Two characters from the film’s first section, a young photographer and an anguished, bedridden older man, reappear in the second act, which switches gears––as well as locations––by way of a stunning sequence that opens with a chilling Pasolini quote (“There are millions of innocents like you all over the world, who prefer to erase themselves from history rather than lose their innocence. I have to make them die, even though I know they cannot do otherwise. I have to cure them and make them die, die, die”) and a pair of extended aerial views of the coast of Kythira. Settling into a quasi-narrative, the film inventively rebuilds itself around a nomad community that takes up shelter alongside the island’s beaches. More benign acts of performance and ritual punctuate this section, though the utopia the group seeks––and momentarily conjures—is short- lived; dissension and death soon come to haunt the collective, and as if in rejection of this fraying dynamic, the film reconfigures itself one last time in the style of a participatory documentary, with Mari on camera conducting a series of interviews. Here, a pair of Greek subjects, a female lawyer and a radicalized male, each on seemingly opposite ends of the class divide (he’s interviewed in his cluttered apartment and under a dilapidated awning; she in her office and a café), speak to the filmmaker in lengthy diatribes that situate the trauma of colonialism and political violence in the present day, and in strikingly personal terms. “Blood is a good glue––the blood of your children,” the man observes at one point, a statement that echoes through the closing credits, which unfold over fiery images of the June 2016 riots in Athens on the anniversary of the unlawful killing of 15-year-old Alexandros Grigoropoulos by the state police. Spanning as many decades as it does devices, Le fort des fous ultimately finds Mari confronting history in the only logical way possible, from multiple vantages and with no recourse to the rules of storytelling. One gets the sense that Artaud and Montaigne would approve.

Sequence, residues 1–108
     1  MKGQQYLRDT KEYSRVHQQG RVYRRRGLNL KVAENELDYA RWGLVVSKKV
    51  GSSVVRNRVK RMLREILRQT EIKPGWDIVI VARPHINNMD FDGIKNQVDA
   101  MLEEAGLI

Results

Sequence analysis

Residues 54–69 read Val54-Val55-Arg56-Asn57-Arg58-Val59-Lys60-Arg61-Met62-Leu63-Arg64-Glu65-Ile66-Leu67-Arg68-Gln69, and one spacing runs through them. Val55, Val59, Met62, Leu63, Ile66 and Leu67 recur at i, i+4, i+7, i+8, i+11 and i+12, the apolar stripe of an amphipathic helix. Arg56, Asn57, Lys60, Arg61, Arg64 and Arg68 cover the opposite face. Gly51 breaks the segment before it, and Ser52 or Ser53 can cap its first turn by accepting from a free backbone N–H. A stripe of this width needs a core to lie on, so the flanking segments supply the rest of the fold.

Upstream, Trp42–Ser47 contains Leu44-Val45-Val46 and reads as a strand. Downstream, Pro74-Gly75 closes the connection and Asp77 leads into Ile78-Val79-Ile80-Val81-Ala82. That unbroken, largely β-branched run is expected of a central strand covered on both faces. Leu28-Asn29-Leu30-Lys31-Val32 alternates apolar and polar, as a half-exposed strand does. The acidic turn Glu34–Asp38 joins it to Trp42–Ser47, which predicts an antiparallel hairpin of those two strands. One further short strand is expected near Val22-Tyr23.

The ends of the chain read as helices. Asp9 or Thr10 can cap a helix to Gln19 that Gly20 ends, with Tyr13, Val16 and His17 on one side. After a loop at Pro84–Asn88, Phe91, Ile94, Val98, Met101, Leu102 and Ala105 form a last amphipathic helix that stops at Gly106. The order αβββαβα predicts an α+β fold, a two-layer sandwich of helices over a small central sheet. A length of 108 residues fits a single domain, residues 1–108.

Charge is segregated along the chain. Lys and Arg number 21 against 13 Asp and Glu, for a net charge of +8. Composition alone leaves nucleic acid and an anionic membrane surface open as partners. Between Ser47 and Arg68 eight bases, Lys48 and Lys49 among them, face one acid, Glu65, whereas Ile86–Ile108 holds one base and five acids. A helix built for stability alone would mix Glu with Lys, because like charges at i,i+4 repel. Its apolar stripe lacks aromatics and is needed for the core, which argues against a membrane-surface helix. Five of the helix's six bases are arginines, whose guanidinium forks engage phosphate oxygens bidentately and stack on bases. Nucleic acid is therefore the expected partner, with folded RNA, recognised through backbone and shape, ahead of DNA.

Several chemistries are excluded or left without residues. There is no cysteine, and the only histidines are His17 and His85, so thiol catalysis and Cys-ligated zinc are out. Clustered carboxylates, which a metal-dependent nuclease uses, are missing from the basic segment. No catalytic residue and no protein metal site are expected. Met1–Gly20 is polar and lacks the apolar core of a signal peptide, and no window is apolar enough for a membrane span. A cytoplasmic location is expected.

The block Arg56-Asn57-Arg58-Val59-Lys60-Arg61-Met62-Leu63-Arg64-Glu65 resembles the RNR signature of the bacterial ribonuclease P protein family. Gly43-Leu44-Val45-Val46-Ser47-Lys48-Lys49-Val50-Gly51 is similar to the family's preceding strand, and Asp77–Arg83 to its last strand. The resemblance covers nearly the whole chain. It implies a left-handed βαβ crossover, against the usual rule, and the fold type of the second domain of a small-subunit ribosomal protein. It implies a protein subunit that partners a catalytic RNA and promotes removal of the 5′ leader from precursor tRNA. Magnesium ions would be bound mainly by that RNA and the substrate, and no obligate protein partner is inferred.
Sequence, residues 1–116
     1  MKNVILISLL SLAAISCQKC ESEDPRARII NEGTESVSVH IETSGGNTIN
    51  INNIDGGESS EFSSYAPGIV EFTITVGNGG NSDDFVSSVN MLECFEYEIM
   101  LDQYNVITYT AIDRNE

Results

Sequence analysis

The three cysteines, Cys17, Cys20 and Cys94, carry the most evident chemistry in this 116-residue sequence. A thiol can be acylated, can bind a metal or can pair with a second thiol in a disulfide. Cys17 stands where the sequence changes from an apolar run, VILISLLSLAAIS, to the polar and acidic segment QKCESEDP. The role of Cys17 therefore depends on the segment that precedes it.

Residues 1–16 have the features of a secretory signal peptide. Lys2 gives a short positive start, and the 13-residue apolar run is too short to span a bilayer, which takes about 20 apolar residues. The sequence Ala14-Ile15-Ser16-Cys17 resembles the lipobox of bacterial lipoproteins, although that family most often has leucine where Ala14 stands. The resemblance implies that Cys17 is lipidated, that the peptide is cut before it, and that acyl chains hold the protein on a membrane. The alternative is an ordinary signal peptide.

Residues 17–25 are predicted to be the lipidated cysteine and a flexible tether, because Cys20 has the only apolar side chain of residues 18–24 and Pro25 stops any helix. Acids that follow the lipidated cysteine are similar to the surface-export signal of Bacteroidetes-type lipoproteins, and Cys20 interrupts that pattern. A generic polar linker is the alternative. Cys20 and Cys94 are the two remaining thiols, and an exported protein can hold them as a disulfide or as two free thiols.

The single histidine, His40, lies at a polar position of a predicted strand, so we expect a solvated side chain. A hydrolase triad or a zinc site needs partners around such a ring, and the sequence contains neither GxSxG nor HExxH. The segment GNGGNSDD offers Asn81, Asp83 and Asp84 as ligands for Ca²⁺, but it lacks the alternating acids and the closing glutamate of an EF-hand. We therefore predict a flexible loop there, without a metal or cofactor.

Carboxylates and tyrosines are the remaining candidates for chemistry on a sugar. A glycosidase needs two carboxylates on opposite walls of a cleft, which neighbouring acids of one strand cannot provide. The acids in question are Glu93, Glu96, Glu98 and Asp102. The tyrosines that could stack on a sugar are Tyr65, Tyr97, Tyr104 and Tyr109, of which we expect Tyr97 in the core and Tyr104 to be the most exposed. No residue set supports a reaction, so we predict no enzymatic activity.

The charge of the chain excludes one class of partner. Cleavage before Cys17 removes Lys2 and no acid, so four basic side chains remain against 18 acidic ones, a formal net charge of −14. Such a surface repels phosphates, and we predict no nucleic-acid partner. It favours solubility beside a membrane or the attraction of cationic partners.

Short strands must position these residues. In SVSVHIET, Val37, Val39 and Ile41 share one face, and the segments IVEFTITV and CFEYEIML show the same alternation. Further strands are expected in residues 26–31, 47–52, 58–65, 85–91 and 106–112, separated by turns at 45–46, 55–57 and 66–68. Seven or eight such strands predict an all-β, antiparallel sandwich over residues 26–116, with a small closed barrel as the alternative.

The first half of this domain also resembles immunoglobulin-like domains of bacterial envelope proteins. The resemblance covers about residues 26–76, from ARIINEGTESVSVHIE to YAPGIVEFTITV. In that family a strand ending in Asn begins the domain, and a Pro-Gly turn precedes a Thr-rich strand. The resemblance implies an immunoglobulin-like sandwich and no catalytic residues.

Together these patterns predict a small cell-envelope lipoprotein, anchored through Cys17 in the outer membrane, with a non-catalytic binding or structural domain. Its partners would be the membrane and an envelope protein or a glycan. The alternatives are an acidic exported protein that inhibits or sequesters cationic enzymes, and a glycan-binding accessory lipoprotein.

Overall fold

Cinema Scope: What prompted you to return for a second time to this era of French-occupied Algeria?
Narimane Mari: I think the first reason is because it isn’t finished with me. But a second and more important reason is that it gave me the opportunity to talk about power and domination––and in the colonialist mind you have all the material for that. You have to take material when you have it. You don’t have to say anything, because it exists. I don’t have to recreate the mind. I don’t have to do anything––it’s here. Yes, I use some dialogues from French colonial missions, and I’m not sure if you or the audience will notice, but I’m not using the French language. It’s an invented voice––an invented language. I don’t want to put this mind only in the French voice. Because the English also colonized, the Portuguese colonized. Many countries and many people have this mind, and I don’t want to focus only on the French. So I just used this foundation, because if you want to show how the mind has power, you must use it, and use it only for this.
Scope: How was this voice, or language, invented?
Mari: I told a friend, “I have this idea for the voiceover but I don’t know how it’ll work.” So I had him say certain things, the truth––actual words––and we played around with them. At the beginning we tried a mechanical voice and I wasn’t sure it was working. I didn’t want to lose the human voice. So it’s a real voice you hear, just a very strange human voice. And it’s better because when you read the dialogue in your own language, it’s like your history, not someone else’s history––you take part in it.
Scope: Is that also the reason behind having the speech dislocated between the actors and the soundtrack?
Mari: Yes, because it’s a fake language I didn’t want to concentrate on the synching. I worked with a sound team in Germany and I kept having to tell them, “No, I don’t care about the synching!” I didn’t want to create another reality on top of an already fake voice. I could not. It’s not a game for me.
Scope: Can you tell me a bit about your personal or family background?
Mari: I was born in Algeria. My father is Algerian and my mother is Spanish. So she’s part of this history. Her parents were colonialists. I like the history of my parents because they got out of this situation. The French, the Arabic, the Algerian, the dominant, the dominated: they were all there, and my parents didn’t have to care about the consequences. They could just have this love story. For me it’s like a rebellion, a part of a revolution. I know people are still very occupied by this history in Algeria, as well as in France. It’s never finished. I do not have to turn the page, or give an end to this story. As I said, this topic concerns a mind that affects everyone, as the employees of a company or family members or anyone who needs or wants to dominate the other.